Subprime Securities Prompt S&P to Downgrade U.S. Central Federal Credit Union Rating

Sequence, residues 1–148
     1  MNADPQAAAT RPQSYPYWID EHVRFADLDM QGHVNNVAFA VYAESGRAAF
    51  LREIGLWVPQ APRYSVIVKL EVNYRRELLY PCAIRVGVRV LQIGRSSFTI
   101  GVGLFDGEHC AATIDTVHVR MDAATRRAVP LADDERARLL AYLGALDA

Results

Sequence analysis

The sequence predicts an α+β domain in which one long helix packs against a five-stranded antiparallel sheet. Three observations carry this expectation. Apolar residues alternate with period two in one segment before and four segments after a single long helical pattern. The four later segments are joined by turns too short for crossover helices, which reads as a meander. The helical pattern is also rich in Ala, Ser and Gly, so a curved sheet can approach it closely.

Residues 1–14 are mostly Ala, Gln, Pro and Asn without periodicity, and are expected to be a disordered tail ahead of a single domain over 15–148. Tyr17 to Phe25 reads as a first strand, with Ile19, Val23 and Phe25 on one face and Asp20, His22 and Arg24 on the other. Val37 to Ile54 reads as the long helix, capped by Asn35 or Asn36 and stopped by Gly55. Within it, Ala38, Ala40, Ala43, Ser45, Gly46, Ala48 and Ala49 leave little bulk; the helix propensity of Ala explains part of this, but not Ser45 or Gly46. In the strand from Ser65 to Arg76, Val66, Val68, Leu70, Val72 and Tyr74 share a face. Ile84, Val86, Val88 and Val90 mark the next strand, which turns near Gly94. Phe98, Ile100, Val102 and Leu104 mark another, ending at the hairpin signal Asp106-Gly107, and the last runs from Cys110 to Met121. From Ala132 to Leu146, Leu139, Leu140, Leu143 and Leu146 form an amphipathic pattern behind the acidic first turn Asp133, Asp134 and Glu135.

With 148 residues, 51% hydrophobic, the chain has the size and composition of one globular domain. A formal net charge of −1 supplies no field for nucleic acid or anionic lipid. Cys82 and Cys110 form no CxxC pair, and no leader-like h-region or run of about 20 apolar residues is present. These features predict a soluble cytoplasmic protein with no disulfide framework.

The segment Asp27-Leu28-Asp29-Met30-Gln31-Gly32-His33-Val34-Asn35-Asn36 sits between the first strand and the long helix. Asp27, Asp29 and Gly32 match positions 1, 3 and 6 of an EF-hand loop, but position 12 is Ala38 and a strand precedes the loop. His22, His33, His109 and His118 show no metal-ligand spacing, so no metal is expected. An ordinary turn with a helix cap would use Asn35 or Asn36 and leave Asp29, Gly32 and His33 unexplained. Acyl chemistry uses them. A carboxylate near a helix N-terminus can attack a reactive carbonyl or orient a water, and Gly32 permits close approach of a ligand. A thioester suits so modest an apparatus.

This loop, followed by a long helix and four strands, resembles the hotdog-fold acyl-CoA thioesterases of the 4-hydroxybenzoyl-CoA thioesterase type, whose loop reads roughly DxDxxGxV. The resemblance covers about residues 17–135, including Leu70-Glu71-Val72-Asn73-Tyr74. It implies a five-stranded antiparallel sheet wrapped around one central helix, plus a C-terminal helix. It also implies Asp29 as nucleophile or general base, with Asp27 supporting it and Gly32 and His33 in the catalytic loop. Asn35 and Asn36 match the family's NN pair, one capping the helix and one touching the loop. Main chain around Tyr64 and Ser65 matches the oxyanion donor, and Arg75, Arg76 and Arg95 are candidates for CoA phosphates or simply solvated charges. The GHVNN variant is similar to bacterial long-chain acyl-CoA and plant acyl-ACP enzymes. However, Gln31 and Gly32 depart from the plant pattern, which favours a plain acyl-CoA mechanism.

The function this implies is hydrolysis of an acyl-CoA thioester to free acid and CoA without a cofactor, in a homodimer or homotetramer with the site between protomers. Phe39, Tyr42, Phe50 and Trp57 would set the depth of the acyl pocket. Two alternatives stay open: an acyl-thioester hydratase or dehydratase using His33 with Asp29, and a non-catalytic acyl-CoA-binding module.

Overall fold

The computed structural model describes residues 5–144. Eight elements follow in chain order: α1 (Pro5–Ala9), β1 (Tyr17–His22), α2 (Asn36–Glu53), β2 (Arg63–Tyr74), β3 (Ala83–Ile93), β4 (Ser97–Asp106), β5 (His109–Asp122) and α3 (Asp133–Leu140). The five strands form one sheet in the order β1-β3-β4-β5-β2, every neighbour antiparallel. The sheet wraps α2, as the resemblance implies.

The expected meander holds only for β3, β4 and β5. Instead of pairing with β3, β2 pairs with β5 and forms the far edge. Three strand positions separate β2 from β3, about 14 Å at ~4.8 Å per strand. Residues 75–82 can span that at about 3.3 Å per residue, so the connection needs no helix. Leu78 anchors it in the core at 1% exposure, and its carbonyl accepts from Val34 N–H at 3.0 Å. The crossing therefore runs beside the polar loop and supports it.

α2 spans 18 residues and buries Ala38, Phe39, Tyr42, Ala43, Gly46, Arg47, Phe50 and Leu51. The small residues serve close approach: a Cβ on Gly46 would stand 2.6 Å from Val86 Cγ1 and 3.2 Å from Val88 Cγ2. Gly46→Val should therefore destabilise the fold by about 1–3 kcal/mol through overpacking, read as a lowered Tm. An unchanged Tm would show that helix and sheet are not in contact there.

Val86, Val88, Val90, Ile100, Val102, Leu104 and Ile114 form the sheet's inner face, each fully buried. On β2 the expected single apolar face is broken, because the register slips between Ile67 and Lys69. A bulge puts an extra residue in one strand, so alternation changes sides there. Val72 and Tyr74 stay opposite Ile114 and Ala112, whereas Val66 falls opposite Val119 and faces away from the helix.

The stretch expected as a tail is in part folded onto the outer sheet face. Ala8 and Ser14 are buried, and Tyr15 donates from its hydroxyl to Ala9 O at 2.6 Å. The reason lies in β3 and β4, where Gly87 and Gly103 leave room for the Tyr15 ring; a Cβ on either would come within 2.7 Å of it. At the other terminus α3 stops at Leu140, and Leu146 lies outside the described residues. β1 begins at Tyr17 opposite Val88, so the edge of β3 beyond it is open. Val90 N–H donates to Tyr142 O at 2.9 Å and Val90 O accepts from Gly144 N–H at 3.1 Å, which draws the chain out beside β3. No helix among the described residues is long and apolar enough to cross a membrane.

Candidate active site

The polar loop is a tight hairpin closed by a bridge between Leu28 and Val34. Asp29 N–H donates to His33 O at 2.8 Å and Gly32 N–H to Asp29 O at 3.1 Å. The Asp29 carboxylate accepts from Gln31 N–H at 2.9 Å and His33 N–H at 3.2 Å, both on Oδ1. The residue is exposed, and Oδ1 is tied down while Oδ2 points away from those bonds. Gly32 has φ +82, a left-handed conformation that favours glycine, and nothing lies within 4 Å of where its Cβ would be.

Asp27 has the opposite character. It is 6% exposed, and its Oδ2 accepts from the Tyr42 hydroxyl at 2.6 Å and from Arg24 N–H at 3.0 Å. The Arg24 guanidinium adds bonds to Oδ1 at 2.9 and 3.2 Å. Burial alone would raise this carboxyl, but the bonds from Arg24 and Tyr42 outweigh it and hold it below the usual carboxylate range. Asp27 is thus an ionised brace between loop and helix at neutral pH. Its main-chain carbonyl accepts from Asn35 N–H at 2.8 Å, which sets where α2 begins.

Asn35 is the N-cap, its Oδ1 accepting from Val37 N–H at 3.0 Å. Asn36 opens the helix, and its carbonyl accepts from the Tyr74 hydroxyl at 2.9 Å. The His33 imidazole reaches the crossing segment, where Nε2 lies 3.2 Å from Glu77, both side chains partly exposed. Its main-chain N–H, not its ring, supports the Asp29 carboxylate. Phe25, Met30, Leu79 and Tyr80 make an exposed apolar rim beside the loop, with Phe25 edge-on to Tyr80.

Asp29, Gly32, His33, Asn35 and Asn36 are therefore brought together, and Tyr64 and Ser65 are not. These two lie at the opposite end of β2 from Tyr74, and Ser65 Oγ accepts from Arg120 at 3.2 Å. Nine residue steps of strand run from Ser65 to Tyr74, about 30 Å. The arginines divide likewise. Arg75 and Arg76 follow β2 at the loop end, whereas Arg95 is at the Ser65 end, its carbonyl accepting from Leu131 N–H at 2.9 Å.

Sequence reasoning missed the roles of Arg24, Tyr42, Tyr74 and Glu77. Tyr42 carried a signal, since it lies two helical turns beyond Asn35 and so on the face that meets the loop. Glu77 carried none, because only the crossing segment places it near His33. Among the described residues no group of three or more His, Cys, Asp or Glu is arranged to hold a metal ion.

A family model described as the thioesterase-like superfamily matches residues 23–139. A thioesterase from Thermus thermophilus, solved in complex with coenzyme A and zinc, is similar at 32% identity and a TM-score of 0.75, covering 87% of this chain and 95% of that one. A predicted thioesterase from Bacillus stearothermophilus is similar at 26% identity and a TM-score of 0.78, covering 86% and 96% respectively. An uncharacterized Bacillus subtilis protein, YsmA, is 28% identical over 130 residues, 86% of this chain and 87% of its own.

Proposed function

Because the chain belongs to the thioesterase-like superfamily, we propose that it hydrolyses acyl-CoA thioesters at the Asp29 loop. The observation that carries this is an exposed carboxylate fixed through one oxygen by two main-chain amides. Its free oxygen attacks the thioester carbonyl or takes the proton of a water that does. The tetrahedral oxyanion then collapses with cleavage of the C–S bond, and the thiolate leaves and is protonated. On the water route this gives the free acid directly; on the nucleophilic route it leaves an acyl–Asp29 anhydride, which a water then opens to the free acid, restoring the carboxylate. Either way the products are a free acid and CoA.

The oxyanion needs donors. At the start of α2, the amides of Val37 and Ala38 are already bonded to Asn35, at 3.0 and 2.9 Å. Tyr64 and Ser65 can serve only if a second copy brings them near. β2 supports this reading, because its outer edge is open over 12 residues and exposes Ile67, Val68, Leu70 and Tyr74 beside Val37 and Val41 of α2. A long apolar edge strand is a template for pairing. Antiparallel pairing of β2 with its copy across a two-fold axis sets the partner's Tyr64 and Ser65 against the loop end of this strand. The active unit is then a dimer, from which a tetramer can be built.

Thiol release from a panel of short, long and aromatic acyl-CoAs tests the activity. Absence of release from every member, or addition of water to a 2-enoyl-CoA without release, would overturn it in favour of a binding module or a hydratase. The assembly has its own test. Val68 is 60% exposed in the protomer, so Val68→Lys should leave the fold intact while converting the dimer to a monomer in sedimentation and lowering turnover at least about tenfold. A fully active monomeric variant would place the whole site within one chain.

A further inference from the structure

New York–The nonprofit company that invests on behalf of 8,400 local credit unions lost its AAA Standard & Poor’s rating after announcing a $760 million drop in the value of its subprime-related securities, Bloomberg reported Wednesday. The U.S. Central Federal Credit Union’s rating was reduced by one level to AA+. New York-based S&P may downgrade U.S. Central again if its investments decline further, said analyst Robert Hoban.”With the housing market weakening to levels not seen since the early 1990s down-cycle, we expect U.S. Central’s large portfolio of mortgage-related securities to further decline in value,” Hoban said. “Earnings and capital measures already are under pressure.”Global agency Fitch Ratings also is watching Lenexa, Kansas-based U.S. Central for any losses that might increase fees and lower savings account rates for credit union customers.Declining prices for mortgage bonds and other securities caused U.S. Central to mark its assets down by $760 million–2 percent of its total assets–last week, Executive Vice President Dave Dickens said.Because credit unions are owned by their members, the unions are highly vulnerable to home loan losses–which have already caused 100 U.S. lenders to shut down and cost some of the world’s biggest banks more than $140 billion.Founded in 1974, U.S. Central is owned by 26 regional or “corporate” credit unions, which are owned by local credit unions. Approximately 95 million members, who are also customers, own the local credit unions, according to Bloomberg.